I know that canon law calls for a bishop to offer his resignation at 75 to the Holy See. (Can. 401 §1). What happens while the Holy See considers the resignation? The bishop continues his duties? Or is the see considered vacant? How long does it usually take for the Holy See to select a new bishop?
I’m sure there are a multitude of possibilities but I’m just wondering if there is a typical timeframe.
Until the resignation is accepted, the bishop continues in his role. Sometimes bishops continue for some time past the age of 75.
The currently vacant sees have been without bishops from one month to 18 months (see canonlaw.info/ten_bishops.htm). That page also lists the sees with bishops over 75 ranging from Dale Melczek who turned 75 last month to Francis George who turned 75 in January 2012.
Sometimes a bishop’s retirement (or resignation) is not accepted by Rome, so he automatically gets another year (unless he insists on leaving for personal reasons). That can go on for a while, as was the case, for example, with Cardinal O’Connor in New York, who ultimately passed away in office at age 80.
Other times, a bishop’s retirement (or resignation) will be accepted “nunc pro tunc” (“now for then”) meaning that he stays until a successor is named and then remains as administrator until his successor in installed.
In some cases, a co-adjutor would have already been named, meaning that the co-adjutor automatically assumes the See upon the retirement (or resignation) of the local bishop. This was what happened in Los Angeles in 2010 when Abp Velasco was named co-adjutor to succeed Mahoney.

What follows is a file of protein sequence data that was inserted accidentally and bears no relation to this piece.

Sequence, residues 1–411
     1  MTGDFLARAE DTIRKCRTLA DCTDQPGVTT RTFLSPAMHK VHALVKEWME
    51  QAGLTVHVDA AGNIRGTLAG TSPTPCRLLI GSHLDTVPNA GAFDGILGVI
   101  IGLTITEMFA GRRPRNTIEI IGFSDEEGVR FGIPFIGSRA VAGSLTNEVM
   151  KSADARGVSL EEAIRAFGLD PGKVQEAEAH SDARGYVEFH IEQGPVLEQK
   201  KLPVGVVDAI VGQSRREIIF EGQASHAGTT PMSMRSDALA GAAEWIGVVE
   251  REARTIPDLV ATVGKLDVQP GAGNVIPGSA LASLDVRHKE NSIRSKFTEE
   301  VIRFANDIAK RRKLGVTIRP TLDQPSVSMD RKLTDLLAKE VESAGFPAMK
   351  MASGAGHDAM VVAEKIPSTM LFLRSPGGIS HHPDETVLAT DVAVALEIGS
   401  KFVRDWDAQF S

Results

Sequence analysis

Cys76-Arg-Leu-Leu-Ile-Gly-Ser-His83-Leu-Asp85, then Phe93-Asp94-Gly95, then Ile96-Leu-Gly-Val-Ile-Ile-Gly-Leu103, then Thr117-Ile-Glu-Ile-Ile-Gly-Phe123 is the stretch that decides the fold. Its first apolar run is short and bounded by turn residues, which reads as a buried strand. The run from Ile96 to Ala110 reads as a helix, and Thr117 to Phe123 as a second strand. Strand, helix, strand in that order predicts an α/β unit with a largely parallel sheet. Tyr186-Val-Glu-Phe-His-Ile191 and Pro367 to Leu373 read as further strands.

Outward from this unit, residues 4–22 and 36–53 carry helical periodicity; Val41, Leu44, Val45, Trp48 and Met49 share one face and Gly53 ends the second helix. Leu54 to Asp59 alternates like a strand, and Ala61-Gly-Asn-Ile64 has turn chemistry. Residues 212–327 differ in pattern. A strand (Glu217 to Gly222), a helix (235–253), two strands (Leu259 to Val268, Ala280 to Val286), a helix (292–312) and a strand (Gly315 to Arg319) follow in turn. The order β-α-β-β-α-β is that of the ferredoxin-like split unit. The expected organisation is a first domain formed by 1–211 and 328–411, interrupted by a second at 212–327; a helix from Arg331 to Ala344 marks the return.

In other cases, a bishop’s retirement (or resignation) is accepted immediately by Rome. In such a situation, the See is vacant, and an administrator is named to run the day-to-day operation until a successor is actually named.
Perhaps I’m missing one or two scenarios, but the point is that there’s no hard-and-fast rule.
Here in my diocese, our Bishop of 33+ years turned 75 in July 2012. His resignation was accepted in September 2013 and an Apostolic Administrator was named (the Bishop of a neighboring diocese). Our new Ordinary was just named about a month ago and will be consecrated on January 3, 2014.
I’ve been following episcopal appointments for a few years now and it’s not completely consistent. Some resignations are accepted pretty swiftly after a 75th birthday. Others take longer. Generally, the resignations of Cardinals take a bit longer before they are accepted.
The most common period of vacancy I have observed is 14 months. That’s the number that seems to keep popping up when I look at it. But, of course, there is no hard and fast time table. They are looking for the best man to fill a given spot. They aren’t going to rush it just to follow a schedule.
As others have said, the bishop remains in office until the Vatican accepts his resignation. Indeed, since he was 76 during the conclave I assume Pope Francis was in just this situation, waiting for his resignation to go through and continuing as Archbishop in the meanwhile, when he was elected Pope. Unless there is an exception for members of the Curia I suppose Pope Benedict had been in the same situation before his own election, and for an even longer period of time.
Correct. There is no mandate for the pope to resign at a certain age. Even if there were, a pope could simply make an exception to the rule. Until Pope Benedict changed the trend, it had been quite some time since a pope had resigned.
The other age limit that exists is 80 for voting cardinals. Those who are over 80 by a certain cutoff date are not eligible to vote in a conclave for election of a Pope. However, even non-voting cardinals (and even non-voting non-cardinals of any age) are eligible to receive votes and even to be elected.